When you are ready, I would recommend that you start by playing nine holes only for the first 3-5 rounds. There are many 9-hole courses dotted around the UK or, if you’re going to join a club, just playing the first nine holes is a very acceptable thing to do. From playing with beginners, they always underestimate how long and hard it is to play 18 holes. They forget they will hit as many shots on the first nine holes as a low handicapper would play 18 holes in so it’s better playing nine holes the best you can than play 18 and be tired with seven holes to go & get demoralised. As you get better, you can start to include more holes into your round but ideally, try to keep your playing time to under 4hrs.

I mentioned trolleys earlier, I’m 36, pretty fit and healthy but I would not want to carry my bag for 18 holes. I also don’t want to use a buggy as I want the exercise so I use an electric trolley. This sounds extravagant but they are not. There are many electric trolleys at all budget levels, but the great thing about them is they are battery-powered, so you don’t waste energy carrying, pulling or pushing your bag or manual trolley.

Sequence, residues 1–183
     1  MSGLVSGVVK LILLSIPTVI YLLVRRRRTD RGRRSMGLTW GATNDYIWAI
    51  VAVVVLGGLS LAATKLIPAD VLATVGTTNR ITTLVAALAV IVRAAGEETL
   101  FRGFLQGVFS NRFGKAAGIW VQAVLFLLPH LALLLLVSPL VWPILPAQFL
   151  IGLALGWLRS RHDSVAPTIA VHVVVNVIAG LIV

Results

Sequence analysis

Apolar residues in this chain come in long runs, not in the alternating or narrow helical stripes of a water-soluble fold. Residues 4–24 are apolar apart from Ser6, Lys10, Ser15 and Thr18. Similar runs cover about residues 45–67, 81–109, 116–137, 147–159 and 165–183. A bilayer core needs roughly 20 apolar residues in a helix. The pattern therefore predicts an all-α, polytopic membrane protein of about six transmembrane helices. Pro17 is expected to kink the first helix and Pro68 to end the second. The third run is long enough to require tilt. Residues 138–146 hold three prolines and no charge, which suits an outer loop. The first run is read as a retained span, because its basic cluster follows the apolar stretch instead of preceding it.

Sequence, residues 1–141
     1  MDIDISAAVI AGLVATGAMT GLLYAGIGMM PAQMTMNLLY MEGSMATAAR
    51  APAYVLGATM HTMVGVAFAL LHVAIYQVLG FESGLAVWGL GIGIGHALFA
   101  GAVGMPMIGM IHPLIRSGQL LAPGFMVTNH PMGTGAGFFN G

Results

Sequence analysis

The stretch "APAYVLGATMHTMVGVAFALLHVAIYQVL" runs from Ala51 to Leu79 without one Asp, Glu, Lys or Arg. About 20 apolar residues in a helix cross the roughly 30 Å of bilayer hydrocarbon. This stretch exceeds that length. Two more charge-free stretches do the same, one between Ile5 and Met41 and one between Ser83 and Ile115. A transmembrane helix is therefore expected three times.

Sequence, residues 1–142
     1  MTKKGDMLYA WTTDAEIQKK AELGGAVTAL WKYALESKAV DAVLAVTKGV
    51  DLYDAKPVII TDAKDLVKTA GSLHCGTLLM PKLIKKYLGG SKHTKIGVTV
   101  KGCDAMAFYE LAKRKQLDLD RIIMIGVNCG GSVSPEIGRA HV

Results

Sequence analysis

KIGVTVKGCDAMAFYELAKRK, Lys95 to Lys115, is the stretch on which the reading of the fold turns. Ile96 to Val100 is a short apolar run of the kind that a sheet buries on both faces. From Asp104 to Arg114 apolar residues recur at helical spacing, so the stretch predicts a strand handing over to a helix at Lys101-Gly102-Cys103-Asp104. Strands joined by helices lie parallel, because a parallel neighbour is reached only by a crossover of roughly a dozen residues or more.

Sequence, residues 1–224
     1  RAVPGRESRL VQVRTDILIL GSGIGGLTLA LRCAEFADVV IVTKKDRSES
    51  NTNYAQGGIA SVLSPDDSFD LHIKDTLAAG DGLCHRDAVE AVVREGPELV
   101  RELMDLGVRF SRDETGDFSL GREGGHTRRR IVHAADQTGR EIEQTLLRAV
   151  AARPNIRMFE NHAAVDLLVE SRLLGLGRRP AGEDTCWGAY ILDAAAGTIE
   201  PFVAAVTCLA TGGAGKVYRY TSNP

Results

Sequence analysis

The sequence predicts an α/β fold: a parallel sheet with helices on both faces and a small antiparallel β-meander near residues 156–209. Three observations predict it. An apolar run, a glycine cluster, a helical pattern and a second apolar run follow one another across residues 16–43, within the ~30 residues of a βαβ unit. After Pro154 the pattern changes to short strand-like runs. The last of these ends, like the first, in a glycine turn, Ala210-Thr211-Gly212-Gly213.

Having said this some of the lightweight, low resistance trolleys I’ve seen are also suitable and require minimal effort to pull so this might be a good option too.

Being on the course opens up a lot of other issues when it comes to equipment. When you play on the course, you need your own balls, tees, rangefinder (vital for amateur golfers), gloves, clothing (shirt with a collar, proper trousers not jeans), golf shoes, pitch repairer, ball marker, umbrella and waterproof jacket. You can accumulate some of this over time, but you will need some bare minimum stuff to get on the course. Again, you don’t need the most expensive balls or clothing, and there are second hand ‘lake balls’ you can buy, and clothing comes in at all price brackets. For etiquette, you will need a pitch repairer as you can get in trouble if you don’t do it or know how to use it. Lots of videos exist showing you how to repair a pitch mark on the green.

Etiquette is a whole subject in itself, and we will follow this blog up with another dedicated to etiquette so you can fit in and respect the game & others who play it.

If you’re a beginner, I would suggest you play in a pair, not 4 of you all brand new or if you have a friend you know who plays to a good standard its worth having them along for one of your early rounds to point out a few things on the course about etiquette.